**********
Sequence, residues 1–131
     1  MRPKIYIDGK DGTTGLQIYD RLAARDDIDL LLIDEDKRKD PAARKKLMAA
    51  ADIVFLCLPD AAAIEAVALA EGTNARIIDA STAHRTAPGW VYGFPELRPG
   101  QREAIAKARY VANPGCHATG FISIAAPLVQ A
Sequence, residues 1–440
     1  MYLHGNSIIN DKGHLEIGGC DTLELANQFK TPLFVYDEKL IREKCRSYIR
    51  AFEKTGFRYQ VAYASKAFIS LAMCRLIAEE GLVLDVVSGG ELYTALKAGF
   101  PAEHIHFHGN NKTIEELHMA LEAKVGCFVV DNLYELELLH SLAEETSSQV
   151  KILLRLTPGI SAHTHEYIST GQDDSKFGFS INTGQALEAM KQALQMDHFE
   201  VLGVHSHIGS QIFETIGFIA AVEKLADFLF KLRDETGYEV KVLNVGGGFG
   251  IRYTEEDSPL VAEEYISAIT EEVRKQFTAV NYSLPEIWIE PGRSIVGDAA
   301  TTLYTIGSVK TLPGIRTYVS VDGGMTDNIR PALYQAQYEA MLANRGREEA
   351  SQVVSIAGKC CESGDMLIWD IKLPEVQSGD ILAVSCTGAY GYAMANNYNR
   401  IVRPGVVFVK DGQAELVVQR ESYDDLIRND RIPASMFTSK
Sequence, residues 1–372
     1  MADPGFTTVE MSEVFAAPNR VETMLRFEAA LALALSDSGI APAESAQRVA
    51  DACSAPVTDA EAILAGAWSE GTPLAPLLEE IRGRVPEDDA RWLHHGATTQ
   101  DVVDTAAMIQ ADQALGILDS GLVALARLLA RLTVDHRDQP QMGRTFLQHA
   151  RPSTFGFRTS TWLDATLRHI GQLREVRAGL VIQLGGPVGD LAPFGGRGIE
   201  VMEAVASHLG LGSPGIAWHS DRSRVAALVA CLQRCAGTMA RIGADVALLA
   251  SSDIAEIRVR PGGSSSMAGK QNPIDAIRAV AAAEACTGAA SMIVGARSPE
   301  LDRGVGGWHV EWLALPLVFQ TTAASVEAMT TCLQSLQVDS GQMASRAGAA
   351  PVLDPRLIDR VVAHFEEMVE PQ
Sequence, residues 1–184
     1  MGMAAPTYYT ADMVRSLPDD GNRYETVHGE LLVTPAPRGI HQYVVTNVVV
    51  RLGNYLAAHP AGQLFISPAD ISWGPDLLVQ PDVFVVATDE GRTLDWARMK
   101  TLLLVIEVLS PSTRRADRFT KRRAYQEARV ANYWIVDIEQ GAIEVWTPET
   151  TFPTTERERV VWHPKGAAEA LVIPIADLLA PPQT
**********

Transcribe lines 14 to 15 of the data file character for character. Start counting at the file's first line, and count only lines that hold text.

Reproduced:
   401  IVRPGVVFVK DGQAELVVQR ESYDDLIRND RIPASMFTSK
Sequence, residues 1–372